This change of attitudes can be illustrated better if we think about roads rather than about grasslands. What a difference there was between the new and the old parts of Mexico City only 20 years ago. In the old parts of the city the streets were true commons. Some people sat on the road to sell vegetables and charcoal. Others put their chairs on the road to drink coffee or tequila. Others held their meetings on the road to decide on the new headman for the neighbourhood or to determine the price of a donkey. Others drove their donkeys through the crowd, walking next to the heavily loaded beast of burden; others sat in the saddle. Children played in the gutter, and still people walking could use the road to get from one place to another.
Such roads were not built for people. Like any true commons, the street itself was the result of people living there and making that space liveable. The dwellings that lined the roads were not private homes in the modern sense - garages for the overnight deposit of workers. The threshold still separated two living spaces, one intimate and one common. But neither homes in this intimate sense nor streets as commons survived economic development.
In the new sections of Mexico City, streets are no more for people. They are now roadways for automobiles, for buses, for taxis, cars, and trucks. People are barely tolerated on the streets unless they are on their way to a bus stop. If people now sat down or stopped on the street, they would become obstacles for traffic, and traffic would be dangerous to them. The road has been degraded from a commons to a simple resource for the circulation of vehicles. People can circulate no more on their own. Traffic has displaced their mobility. They can circulate only when they are strapped down and are moved.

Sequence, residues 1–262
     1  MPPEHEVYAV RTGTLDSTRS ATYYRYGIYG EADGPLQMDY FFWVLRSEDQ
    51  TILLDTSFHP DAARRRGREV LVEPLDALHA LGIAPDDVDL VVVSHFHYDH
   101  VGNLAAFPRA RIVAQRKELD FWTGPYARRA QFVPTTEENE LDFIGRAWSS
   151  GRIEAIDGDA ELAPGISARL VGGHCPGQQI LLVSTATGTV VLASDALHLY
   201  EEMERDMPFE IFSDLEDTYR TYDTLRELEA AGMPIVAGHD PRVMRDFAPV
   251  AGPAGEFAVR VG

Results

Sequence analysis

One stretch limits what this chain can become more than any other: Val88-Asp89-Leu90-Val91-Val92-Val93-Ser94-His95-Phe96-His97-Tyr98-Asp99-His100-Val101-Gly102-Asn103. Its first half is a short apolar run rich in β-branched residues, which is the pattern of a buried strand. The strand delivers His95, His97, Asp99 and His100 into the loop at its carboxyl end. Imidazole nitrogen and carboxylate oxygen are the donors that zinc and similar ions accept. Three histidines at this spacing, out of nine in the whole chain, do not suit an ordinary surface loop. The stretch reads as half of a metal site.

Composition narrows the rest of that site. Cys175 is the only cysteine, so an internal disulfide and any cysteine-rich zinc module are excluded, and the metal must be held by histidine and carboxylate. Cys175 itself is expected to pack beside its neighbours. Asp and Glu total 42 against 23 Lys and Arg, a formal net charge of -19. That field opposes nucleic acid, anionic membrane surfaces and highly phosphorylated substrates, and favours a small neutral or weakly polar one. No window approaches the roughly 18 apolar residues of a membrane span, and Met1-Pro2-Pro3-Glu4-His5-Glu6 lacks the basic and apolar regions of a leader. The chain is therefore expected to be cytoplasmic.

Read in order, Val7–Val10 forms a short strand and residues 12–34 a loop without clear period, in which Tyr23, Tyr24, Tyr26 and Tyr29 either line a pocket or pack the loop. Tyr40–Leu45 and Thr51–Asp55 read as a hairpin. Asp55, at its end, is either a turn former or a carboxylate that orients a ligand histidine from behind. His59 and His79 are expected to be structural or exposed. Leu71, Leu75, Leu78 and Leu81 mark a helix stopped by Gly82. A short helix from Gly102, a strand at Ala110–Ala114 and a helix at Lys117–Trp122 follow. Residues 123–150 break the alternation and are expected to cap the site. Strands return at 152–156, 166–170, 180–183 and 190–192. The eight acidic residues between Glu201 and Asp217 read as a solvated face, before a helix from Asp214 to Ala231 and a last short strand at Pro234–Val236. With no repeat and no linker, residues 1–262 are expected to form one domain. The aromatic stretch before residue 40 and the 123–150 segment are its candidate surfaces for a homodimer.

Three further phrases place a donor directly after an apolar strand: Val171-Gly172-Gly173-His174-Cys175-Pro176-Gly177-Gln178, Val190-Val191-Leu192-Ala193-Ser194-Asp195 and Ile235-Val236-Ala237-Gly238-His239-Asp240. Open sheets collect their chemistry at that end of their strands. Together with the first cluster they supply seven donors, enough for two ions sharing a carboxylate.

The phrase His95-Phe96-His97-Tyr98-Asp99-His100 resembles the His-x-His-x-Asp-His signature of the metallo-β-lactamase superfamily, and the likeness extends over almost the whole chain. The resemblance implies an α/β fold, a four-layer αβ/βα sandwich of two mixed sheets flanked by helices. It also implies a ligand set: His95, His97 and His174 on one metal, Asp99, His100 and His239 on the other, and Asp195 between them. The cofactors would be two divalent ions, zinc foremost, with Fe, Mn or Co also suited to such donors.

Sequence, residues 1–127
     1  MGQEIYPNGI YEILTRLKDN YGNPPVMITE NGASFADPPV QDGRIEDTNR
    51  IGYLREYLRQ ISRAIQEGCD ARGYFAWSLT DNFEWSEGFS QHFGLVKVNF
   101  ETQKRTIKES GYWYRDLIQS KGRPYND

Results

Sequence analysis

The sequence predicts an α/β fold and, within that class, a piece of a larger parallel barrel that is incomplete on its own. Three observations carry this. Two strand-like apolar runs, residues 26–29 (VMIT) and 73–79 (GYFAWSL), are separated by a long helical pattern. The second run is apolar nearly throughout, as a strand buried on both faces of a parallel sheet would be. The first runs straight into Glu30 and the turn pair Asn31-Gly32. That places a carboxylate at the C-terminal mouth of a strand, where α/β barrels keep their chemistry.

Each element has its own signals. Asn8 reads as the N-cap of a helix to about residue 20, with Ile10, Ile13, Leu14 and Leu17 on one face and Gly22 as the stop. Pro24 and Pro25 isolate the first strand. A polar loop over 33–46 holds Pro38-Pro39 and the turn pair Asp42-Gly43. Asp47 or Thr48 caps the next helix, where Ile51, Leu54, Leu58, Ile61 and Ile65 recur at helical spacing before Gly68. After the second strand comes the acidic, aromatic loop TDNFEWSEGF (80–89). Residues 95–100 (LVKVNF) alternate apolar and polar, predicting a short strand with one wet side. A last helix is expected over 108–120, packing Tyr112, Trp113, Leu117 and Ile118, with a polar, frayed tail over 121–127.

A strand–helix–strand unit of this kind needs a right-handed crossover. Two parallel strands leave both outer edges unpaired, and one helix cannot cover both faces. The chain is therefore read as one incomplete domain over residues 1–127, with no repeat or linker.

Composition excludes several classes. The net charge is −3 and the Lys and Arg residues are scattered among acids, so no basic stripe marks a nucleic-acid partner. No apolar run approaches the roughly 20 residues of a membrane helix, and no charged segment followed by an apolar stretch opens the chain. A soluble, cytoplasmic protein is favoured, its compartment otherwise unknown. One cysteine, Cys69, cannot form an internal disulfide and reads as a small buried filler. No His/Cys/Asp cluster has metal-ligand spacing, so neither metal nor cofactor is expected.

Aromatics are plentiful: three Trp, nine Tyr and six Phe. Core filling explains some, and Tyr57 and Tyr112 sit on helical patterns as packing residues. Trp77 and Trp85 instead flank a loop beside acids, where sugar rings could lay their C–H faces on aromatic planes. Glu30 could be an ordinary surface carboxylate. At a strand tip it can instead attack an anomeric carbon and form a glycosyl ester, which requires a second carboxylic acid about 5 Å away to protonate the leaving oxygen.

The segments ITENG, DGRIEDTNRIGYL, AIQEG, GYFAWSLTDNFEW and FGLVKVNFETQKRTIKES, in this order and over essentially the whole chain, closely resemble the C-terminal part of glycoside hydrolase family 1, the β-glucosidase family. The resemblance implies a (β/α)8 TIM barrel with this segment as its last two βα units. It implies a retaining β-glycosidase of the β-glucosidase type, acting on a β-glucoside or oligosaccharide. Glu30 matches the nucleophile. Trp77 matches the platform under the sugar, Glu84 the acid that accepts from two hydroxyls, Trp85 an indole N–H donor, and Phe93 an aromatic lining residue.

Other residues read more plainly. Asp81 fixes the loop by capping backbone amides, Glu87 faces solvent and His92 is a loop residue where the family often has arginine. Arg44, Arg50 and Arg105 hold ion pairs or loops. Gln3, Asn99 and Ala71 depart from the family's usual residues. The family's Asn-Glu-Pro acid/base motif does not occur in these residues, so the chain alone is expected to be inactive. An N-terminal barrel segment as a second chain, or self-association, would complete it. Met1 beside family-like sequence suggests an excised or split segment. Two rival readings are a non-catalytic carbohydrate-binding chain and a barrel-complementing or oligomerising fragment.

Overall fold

The appropriation of the grassland by the lords was challenged, but the more fundamental transformation of grassland (or of roads) from commons to resource has happened, until recently, without being subjected to criticism. The appropriation of the environment by the few was clearly recognized as an intolerable abuse By contrast, the even more degrading transformation of people into members of an industrial labour force and into consumers was taken, until recently, for granted. For almost a hundred years the majority of political parties has challenged the accumulation of environmental resources in private hands. However, the issue was argued in terms of the private utilization of these resources, not the distinction of commons. Thus anticapitalist politics so far have bolstered the legitimacy of transforming commons into resources.